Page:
In 2017, there were no significant institutional changes in the judicial system of Belarus, and the year transpired without the government announcing any plans for significant reforms in this area. The last reform was carrived out in 2013-14, and top officials consider the amendments fully implemented. However, on January 24, 2017, significant amendments to the Judiciary Code came into effect. The changes conformed with the reform implemented through the ordinances of the president, Alyaksandr Lukashenka, in 2013-14. The new edition of the Code legalized the dismantling of military courts and the reorganization of enforcement service, as well as the incorporation of the Supreme Economic Court into the Supreme Court, despite such changes being unconstitutional. Additionally, the amendments introduced a new procedure for the appointment of associate judges, insignificantly changed professional requirements for judges, and, to a certain degree, narrowed the self-regulation of courts. In September, the Ministry of Justice carrived out a recertification of attorneys. As a result, the licenses of approximately seven lawyers who advocated in politically motivated cases were canceled or suspended. Human rights organizations regarded the recertification process as an attempt to restrict the activities and independence of lawyers.

In recent years, some efforts were made to combat corruption at the middle and low level, which triggered a significant increase in the number of criminal corruption cases initiated against officials and businessmen. The general number of anticorruption cases significantly increased in 2017 due to law enforcement agencies' anticorruption activities. Along with the increasing number of corruption prosecutions, studies showed an improvement of the corruption situation in Belarus. At the same time, however, the Belarusian authorities failed to comply with recommendations of the Group of States against Corruption (GRECO) and did not allow the publication of the report submitted to the organisation.

Outlook for 2018:

The Belarusian authorities will seek to maintain political stability. The curbing of the social protests and the weakness of the political opposition means that Lukashenka's rule does not face any substantial political threats. In such circumstances, the policy of "mild liberalization" and an improved political climate can continue. At the same time, substantial political reforms, including, among others, a revision of the electoral system and a broadening of the space for political competition, are unlikely. Considerable economic reforms are also unlikely, due to the potential social and political risks.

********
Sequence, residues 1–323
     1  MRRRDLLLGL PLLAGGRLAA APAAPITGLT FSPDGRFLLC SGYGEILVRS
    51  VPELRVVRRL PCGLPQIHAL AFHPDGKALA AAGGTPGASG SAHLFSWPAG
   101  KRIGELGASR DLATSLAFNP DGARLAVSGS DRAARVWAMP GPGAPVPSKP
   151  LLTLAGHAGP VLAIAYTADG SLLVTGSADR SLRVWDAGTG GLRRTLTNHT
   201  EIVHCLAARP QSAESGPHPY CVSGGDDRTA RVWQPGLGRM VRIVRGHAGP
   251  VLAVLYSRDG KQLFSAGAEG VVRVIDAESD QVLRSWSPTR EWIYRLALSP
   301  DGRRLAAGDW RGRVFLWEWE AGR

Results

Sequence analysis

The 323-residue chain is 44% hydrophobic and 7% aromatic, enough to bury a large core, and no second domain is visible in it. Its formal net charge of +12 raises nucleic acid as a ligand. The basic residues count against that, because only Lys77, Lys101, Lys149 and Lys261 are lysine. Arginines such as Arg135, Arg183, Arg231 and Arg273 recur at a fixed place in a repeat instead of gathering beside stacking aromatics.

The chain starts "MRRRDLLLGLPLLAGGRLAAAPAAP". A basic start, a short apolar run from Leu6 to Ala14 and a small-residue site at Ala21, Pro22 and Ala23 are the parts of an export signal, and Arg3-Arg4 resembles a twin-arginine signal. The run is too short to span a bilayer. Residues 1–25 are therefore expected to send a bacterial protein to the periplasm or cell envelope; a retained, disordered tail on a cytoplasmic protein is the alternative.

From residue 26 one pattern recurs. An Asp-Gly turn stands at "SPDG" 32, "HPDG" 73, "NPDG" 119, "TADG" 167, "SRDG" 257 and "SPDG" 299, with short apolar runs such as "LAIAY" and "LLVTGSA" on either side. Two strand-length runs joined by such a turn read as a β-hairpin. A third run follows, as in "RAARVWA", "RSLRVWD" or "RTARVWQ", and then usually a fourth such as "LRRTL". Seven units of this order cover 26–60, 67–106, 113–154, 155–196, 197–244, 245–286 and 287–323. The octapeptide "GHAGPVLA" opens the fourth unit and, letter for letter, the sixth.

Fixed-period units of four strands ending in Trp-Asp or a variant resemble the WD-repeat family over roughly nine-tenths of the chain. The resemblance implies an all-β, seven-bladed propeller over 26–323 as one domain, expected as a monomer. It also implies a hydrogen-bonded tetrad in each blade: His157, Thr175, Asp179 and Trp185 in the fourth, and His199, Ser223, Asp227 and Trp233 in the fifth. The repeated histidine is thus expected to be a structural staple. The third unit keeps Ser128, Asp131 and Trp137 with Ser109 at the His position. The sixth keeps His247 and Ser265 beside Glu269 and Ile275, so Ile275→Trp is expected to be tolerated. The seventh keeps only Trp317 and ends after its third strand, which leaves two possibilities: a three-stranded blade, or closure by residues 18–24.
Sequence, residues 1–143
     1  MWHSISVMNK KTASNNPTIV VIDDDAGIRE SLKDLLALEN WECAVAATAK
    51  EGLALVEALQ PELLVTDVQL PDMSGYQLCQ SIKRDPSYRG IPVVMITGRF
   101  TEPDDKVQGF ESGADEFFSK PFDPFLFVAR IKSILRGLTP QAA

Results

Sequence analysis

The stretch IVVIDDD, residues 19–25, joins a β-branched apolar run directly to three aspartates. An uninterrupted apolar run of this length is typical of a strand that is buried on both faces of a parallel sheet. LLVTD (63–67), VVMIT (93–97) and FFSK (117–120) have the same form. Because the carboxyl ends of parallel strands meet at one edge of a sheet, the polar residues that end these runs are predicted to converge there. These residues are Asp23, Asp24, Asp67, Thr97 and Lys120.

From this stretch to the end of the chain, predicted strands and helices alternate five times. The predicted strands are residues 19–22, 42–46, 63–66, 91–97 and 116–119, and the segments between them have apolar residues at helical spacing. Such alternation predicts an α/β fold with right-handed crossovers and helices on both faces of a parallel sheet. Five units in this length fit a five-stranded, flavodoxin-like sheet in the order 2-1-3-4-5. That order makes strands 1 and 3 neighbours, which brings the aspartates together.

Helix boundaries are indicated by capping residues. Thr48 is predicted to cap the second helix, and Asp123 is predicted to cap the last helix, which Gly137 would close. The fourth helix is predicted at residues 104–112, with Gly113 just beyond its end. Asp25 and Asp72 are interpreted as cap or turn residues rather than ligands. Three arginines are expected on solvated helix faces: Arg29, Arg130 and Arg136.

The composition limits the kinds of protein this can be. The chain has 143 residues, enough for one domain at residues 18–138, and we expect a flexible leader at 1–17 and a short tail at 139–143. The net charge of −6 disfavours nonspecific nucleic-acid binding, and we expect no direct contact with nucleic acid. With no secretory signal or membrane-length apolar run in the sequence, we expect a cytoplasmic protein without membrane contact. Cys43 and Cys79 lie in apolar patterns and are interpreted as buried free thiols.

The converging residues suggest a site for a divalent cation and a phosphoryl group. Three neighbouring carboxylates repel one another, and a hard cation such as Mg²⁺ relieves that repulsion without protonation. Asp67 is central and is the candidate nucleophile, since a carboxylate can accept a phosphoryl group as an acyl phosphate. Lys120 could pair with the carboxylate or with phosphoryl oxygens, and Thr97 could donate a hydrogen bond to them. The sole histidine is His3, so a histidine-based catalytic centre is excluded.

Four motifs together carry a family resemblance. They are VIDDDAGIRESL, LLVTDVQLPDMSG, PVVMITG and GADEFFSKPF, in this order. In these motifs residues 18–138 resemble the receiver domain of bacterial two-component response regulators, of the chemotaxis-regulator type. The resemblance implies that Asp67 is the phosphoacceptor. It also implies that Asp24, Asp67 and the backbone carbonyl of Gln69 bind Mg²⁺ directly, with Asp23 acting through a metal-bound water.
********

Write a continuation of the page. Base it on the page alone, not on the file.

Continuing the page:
In the event that any significant political threats, similar to the protests in February and March 2017, manifest, the authorities' strategy will correspond to the pattern employed in 2017: active preventive steps, repressive measures (if necessary), and eventual deescalation once the situation stabilizes.

Belarus will try to balance between the West and Russia, seeking to improve relations with the EU and the US and expand economic cooperation without additional political obligations and concessions. In terms of its relations with Russia, Belarus will be inclined to improve bilateral relations, provided political distance is preserved, or desirably recognized, and without new integration initiatives in the field of economy and security.

National Democratic Governance:

  • Since 1996, the international community has largely perceived Belarus to be a consolidated authoritarian regime. While 2015 and 2016 brought improvements to the political climate in Belarus,[1] the authorities' use of repressive measures to quell the wave of social protests in February and March 2017 reflected a marked step backwards. Although the crisis subdued in June, some tensioned remained at year's end.

  • Formally, the Republic of Belarus is a democratic social state that guarantees respect for political rights and freedoms.[2] However, the principle of separation of powers is not respected.[3] The president, Alyaksandr Lukashenka, who has been in power since 1994, has full executive power and can issue decrees and ordinances on his own initiative that have greater legal force than laws adopted by the parliament.[4] Moreover, the president has virtually unlimited powers in the appointment of judges and reorganizing courts.

  • Major social protests began in Belarus in February, culminating in the authorities' use of repressive measures to stem the demonstrations in March. The catalyst for the protests was the implementation of Ordinance No. 3 (On preventing freeloading practices), which sought to tax non-working citizens.[5] Given the improved political climate and relations with the West, the authorities initially showed restraint towards the protesters, even though the protestswere unauthorized. Law enforcement agencies did not disperse the rallies or detain most participants during the early wave of demonstrations in February.[6]

  • Opposition political forces attempted to join and intensify protests and tried to influence the protesters' social and political agenda. In many cases, opposition forces played a central role in the coordination of the demonstrations.[7] By March, however, the protests had not dissipated, but instead continued to attract increasing attention from society and media. Public sympathy for the opposition also increased. The growing protest movement forced the authorities to change their tactics and use repressive measures, such as preventive detentions and arrests, media pressure, and prohibitive criminal charges. The protest – and the government's repressive response to demonstrators – reached its peak on March 25, "Freedom Day", the traditional date for mass opposition rallies.